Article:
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Cell Physiol Biochem. 2018;45(2):558-571. doi: 10.1159/000487033. Epub 2018 Jan 25.

Protective Effects of Oxymatrine on Vascular Endothelial Cells from High-Glucose-Induced Cytotoxicity by Inhibiting the Expression of A2B Receptor.

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Second Affiliated Hospital of Nanchang University, Nanchang, China.
Department of Physiology, Basic Medical College, Nanchang University, Nanchang, China.
Second Clinic Medical College of Grade 2015, Nanchang University, Nanchang, China.
Affiliated Stomatological Hospital of Nanchang University, Nanchang, China.
Department of Clinical Translational Research, Singapore General Hospital, Singapore, Singapore.
Jiangxi Provincial Key Laboratory of Autonomic Nervous Function and Disease, Nanchang, China.



Diabetes mellitus (DM) has become an increasingly epidemic metabolic disease. Vascular endothelial cells play a key role in developing the cardiovascular complications of DM. The A2B receptor is expressed in vascular endothelial cells, and may help regulate the function of endothelial cells. The aim of this study was to investigate the protective effects of oxymatrine (OMT) on human umbilical vein endothelial cells (HUVECs) from high glucose-induced cytotoxicity.


Homology modeling and molecular docking analysis were used to detect the binding sites between the adenosine A2B receptor and OMT. HUVECs were cultured with control (5.5 mM) or elevated glucose (22.2 mM) in the presence or absence of 3 µM OMT or A2B siRNA for 3 days. The MTS cell viability assay was used to measure the toxicity of high glucose on HUVECs and the protective effect of OMT or A2B siRNA. The expression of the adenosine A2B receptor and CCL5 in HUVECs was detected with real-time quantitative PCR (qPCR) and Western blotting methods in each group. Levels of IL-1β and TNF-α were measured using an enzyme-linked immunosorbent assay (ELISA) kit, and the concentration of NO was detected with the nitrate reductase method. Monocyte chemotactic activity in each group was detected using Transwell chambers. Furthermore, the phosphorylation of p38 and ERK1/2 in each group was observed through the Western blotting method.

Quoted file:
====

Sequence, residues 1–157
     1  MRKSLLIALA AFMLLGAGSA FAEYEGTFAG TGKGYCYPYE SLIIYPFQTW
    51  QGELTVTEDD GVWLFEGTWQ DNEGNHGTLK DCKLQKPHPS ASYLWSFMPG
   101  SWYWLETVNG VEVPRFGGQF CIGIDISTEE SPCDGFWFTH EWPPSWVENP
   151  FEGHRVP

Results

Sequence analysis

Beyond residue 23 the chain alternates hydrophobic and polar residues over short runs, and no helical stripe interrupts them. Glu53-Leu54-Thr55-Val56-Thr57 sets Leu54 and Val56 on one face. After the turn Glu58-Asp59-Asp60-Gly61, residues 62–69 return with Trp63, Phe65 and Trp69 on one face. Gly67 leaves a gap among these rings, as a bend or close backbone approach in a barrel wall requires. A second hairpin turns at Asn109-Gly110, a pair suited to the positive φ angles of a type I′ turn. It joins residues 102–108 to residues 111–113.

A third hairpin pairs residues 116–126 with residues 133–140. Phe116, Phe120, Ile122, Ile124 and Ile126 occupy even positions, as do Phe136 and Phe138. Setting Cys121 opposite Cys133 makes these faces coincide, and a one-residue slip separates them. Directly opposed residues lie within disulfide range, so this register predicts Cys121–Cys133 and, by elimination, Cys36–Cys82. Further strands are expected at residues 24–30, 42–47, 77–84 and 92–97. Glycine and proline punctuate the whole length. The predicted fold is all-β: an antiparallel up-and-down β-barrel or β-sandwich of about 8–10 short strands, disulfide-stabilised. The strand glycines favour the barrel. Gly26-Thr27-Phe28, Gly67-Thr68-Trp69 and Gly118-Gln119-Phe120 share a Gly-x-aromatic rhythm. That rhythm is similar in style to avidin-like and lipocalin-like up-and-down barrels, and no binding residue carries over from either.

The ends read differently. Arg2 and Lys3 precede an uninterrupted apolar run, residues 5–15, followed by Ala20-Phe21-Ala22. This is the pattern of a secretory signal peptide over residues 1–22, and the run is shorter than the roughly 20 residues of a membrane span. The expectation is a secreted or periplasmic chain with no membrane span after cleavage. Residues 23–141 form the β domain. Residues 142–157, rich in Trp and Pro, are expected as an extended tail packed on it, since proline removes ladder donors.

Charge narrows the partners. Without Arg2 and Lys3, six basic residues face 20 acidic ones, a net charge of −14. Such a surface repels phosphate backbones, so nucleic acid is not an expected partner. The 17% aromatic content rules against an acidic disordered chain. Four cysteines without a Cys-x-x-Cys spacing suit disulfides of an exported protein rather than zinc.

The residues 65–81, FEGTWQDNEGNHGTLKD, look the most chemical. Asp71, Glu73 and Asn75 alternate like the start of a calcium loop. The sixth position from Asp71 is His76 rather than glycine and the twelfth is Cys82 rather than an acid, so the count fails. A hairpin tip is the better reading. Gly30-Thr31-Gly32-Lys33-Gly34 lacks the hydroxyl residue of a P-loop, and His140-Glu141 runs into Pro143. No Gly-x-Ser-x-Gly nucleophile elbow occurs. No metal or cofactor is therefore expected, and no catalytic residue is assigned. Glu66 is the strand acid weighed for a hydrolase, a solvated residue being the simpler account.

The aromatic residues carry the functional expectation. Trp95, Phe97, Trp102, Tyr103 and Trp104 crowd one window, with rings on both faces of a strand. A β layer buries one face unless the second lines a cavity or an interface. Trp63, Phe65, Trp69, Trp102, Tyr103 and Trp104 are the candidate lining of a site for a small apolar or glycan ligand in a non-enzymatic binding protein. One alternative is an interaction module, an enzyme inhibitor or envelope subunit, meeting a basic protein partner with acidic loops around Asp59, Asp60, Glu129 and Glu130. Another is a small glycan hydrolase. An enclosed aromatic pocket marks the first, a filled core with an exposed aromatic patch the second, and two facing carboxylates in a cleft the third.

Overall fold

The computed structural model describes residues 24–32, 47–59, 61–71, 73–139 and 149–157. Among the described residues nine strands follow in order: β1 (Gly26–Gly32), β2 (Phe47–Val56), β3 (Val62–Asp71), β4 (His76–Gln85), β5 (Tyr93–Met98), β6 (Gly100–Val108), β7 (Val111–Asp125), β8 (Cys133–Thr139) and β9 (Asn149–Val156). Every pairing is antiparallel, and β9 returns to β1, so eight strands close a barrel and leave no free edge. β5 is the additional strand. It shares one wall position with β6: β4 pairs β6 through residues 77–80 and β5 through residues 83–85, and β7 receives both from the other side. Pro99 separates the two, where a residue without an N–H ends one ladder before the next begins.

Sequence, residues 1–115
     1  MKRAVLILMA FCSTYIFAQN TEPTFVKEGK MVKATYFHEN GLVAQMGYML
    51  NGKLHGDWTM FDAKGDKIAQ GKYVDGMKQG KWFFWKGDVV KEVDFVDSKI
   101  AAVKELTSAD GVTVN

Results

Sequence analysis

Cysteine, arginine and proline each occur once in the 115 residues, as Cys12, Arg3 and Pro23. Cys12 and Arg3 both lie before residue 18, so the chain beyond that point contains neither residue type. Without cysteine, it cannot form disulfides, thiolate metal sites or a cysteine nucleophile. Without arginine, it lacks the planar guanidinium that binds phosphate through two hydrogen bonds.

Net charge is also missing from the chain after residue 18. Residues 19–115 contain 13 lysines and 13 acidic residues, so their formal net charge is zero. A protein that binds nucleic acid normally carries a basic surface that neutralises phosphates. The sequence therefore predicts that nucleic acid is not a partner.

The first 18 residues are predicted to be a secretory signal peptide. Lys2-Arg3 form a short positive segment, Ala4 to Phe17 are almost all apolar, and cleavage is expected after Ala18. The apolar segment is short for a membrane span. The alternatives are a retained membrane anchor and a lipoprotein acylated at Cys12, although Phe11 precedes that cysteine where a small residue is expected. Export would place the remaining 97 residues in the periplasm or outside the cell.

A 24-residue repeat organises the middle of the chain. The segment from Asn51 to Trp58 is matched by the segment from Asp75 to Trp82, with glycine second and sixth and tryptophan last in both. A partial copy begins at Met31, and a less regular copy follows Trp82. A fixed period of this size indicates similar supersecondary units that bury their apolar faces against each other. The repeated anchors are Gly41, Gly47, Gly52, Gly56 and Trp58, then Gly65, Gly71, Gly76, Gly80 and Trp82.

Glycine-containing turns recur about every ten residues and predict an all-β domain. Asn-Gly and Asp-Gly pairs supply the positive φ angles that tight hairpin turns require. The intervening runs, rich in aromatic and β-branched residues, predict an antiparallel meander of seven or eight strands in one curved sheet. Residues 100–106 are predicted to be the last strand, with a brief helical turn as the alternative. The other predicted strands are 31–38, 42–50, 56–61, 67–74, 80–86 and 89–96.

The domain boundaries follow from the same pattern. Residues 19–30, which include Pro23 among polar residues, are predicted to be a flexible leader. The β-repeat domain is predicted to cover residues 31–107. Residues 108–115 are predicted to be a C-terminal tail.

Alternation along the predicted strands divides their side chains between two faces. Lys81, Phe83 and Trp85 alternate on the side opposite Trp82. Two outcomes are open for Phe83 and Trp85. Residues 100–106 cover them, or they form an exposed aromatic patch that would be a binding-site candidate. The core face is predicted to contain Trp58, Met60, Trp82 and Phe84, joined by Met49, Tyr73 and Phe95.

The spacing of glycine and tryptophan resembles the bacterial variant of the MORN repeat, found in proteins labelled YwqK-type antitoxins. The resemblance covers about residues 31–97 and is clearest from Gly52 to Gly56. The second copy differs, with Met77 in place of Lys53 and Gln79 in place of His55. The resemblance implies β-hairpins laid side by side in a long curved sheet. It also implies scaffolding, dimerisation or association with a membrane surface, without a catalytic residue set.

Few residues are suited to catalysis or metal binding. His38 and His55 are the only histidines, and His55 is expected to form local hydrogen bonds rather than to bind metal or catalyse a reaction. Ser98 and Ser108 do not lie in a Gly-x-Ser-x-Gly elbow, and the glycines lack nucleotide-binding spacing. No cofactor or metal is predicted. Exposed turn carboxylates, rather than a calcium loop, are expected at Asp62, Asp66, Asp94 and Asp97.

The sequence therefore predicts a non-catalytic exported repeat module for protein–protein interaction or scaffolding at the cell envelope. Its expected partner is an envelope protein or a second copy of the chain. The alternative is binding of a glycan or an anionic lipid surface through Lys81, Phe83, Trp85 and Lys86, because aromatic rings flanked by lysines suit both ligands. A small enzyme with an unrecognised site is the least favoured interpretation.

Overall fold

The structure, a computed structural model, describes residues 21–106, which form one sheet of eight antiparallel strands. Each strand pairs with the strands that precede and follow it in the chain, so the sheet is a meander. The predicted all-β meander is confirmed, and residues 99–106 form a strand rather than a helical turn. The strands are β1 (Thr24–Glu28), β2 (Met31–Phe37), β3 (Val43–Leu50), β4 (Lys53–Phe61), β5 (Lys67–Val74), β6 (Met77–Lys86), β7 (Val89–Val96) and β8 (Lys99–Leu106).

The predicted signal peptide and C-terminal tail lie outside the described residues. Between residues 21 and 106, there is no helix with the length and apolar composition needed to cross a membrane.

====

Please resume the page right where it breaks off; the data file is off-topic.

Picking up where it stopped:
Homology modeling and molecular docking analysis showed that OMT contains well-fitted binding sites to the A2B receptor. After chronic culture at high glucose, the rate of cell viability was significantly lower than that of the control group. After co-treatment with OMT or A2B siRNA, cell viability was significantly increased compared with the high-glucose group. The results from real-time quantitative RT-PCR (qRT-PCR) and Western blotting indicated that high glucose could increase the expression of A2B receptors in HUVECs, an effect that was inhibited by OMT. In addition, the results revealed that the expression of CCL5, IL-1β and TNF-α was increased in the high-glucose group, and that the NO produced by HUVECs decreased due to hyperglycemia; however, co-culture with OMT or A2B siRNA abolished these effects. Meanwhile, the chemotaxis activity of monocytes to HUVECs cultured in high-glucose medium was enhanced 2.59-fold compared to the control cells. However, the inflammatory reactions in HUVECs were completely relieved by co-treatment with OMT or A2B siRNA. Moreover, the phosphorylation of p38 and ERK1/2 in HUVECs in the high-glucose group was significantly higher than that of the control group; these effects were reversed after co-treatment with OMT or A2B siRNA.


OMT may protect the HUVECs from high glucose-induced cytotoxicity through inhibitting the expression of A2B receptor and inflammatory factors as well as decreasing the phosphorylation of p38 and ERK1/2.


A2B receptor; Diabetes mellitus; Endothelial cells; Human umbilical vein; Oxymatrine

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